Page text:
November 2011. I rode outside every weekend, and on through the entire winter. New England weather was mild: temperatures were low, but critically importantly, the roads ice free. Winter 2012. I rode outside almost not at all: late November through mid-March, ice was always on the roads, along with a nasty mix of sand and salt. The result: November 2013, like a three-year-old, I don't know how to dress.
|Hooded merganser continues to fish here, ice or not|
Saturday was cold enough: 30F in the morning, the high forecast for 36. The first skim of ice is on the swamp, but the more interesting thing about the photo is the hard-to-see hooded merganser in the water. It popped up and down, hunting for fish. They are among the first birds to arrive in the spring, and the last to leave in the autumn.
With no reason to hope or wait for warmer temperatures to arrive later in the day, I started off well bundled. Full-fingered gloves, full-foot booties, many layers, a cap ... and headed downhill, to the base of our local mountain, though it is really a hill, not a mountain at all, to pick up a few groceries. And, of course, to get a cup of coffee. Actually, I was hoping for hot cider, which I got there last year.
|Dull hues dominate the landscape|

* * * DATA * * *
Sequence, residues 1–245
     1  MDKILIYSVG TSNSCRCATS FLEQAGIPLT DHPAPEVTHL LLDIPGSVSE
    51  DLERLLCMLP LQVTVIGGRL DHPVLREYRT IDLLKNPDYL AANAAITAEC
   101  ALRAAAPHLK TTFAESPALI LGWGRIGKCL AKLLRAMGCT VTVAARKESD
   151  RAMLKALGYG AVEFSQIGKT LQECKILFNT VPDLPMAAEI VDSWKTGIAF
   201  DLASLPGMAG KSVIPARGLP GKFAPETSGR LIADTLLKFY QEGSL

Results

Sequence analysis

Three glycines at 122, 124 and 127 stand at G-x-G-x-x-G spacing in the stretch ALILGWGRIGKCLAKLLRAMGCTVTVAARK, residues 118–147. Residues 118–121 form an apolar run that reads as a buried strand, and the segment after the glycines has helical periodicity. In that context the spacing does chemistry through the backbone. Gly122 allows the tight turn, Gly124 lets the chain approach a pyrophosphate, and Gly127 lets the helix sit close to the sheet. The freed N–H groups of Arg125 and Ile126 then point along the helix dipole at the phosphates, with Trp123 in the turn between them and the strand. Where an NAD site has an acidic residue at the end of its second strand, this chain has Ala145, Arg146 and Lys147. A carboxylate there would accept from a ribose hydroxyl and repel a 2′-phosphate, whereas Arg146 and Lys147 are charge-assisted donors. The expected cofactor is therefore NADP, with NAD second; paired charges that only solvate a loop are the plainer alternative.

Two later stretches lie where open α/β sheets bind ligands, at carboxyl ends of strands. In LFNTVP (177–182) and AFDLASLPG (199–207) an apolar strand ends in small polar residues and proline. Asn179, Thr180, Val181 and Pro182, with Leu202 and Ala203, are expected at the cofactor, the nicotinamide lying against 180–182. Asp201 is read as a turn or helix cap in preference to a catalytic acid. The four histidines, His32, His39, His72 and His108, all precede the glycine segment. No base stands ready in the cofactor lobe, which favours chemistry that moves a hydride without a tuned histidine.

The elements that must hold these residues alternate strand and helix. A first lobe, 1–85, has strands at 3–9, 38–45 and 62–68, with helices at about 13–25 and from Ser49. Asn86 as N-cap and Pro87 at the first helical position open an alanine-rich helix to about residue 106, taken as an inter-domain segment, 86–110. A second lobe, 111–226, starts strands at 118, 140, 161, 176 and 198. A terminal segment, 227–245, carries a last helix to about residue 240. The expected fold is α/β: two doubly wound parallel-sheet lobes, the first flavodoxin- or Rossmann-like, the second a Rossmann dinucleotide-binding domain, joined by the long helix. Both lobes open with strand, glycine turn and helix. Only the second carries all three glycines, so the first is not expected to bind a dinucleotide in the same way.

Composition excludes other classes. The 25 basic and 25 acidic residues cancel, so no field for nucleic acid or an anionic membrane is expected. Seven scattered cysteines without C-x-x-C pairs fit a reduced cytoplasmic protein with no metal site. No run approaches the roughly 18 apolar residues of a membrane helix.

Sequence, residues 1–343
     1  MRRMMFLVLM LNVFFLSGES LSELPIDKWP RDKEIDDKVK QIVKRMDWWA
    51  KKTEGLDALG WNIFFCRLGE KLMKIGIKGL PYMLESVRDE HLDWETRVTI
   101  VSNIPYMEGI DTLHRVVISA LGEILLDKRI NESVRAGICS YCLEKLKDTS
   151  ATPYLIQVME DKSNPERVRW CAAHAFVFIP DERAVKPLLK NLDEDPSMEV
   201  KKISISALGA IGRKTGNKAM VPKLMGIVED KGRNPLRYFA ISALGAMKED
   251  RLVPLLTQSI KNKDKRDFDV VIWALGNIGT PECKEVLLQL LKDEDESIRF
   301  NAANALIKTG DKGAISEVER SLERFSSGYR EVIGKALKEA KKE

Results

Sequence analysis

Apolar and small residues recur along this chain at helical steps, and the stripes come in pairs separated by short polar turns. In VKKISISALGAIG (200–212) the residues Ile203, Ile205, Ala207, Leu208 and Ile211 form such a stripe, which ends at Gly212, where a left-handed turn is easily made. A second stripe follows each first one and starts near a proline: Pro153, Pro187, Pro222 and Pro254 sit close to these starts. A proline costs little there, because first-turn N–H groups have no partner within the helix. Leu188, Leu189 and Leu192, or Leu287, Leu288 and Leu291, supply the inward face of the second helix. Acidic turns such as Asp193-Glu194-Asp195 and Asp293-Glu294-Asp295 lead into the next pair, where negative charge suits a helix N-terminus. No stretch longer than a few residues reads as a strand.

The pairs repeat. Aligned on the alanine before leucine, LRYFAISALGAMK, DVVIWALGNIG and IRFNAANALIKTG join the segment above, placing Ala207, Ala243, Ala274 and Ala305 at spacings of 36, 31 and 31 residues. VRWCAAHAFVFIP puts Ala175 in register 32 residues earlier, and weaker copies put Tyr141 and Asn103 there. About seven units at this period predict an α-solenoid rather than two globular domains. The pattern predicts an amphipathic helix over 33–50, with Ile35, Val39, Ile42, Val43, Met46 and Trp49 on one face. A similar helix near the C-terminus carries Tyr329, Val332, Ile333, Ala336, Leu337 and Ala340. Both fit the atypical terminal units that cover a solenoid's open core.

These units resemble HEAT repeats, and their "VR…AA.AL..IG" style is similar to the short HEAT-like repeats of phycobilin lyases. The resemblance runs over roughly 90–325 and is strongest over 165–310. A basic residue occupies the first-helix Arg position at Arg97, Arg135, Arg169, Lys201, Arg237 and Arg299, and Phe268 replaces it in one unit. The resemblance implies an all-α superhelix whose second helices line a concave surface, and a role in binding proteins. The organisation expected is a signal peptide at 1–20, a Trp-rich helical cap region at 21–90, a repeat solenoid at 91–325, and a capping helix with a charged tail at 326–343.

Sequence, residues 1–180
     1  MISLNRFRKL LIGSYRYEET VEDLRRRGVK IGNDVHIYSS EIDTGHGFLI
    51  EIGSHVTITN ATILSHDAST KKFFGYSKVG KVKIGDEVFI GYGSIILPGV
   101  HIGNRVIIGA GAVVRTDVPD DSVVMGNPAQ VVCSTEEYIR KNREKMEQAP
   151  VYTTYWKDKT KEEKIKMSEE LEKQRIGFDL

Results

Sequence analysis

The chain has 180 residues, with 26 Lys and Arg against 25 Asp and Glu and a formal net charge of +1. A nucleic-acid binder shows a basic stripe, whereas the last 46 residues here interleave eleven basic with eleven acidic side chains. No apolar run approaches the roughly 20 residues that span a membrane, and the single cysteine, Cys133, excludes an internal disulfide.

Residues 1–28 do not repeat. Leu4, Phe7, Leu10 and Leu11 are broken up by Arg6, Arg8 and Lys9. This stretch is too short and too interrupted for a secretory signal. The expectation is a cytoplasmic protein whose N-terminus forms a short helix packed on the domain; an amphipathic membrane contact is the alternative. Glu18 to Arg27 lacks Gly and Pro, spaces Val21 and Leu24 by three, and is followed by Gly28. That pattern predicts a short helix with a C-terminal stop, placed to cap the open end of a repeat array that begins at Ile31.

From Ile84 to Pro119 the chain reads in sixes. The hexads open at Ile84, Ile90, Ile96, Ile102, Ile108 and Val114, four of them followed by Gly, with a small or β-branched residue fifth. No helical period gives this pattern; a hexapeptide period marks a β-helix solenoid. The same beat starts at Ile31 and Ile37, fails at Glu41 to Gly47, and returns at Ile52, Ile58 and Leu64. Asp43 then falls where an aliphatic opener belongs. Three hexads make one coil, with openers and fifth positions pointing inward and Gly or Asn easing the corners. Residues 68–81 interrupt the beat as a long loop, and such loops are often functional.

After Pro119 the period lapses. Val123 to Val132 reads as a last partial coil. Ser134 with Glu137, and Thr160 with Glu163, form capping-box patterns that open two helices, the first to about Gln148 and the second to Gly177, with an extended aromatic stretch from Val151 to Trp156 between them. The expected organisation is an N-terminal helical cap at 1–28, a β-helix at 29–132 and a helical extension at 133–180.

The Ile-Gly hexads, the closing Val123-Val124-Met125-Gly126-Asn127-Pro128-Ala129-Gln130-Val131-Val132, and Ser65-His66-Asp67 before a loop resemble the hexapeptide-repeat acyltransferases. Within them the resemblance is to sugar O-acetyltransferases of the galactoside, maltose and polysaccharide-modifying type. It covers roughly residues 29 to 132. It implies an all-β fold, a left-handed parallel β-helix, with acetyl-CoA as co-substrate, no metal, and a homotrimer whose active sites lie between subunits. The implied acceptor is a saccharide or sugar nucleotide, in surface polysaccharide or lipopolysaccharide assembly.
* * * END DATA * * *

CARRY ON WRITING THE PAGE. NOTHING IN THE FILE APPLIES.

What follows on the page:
One of the things I don't much like about this time of the year is the muted, one dimensional color palette of grey skies, grey roadway, grey trees and grey water. I didn't get the bird in this photo, but kingfisher is still hunting this stream, and in past years has stayed until the water freezes solid.
Unfortunately there was no cider, so I settled for a cup of adequate coffee. At least the coffee wasn't at the end of this ride, it was not yet quite the middle. Along with my coffee I had a home-made energy bar (more about these in a later post.) And you might notice that it is time for new bar tape.
I didn't stay long, it was too cold for lingering over coffee. Next was the ride back up the hill. It is one of the longer hills in my immediate areas, climbing about 1,000 feet in something like 3 miles. It wasn't cold, actually I was overdressed and hot. Nonetheless, I was pleased with the climb, realizing that my heart rate was staying lower and my cadence higher than it did the last time I rode it with an eye on those numbers, two seasons ago.
|Look at us looking at you ...|
Once on top I stopped for photos of these two beautiful horses.
16.5 miles, 1700 feet climb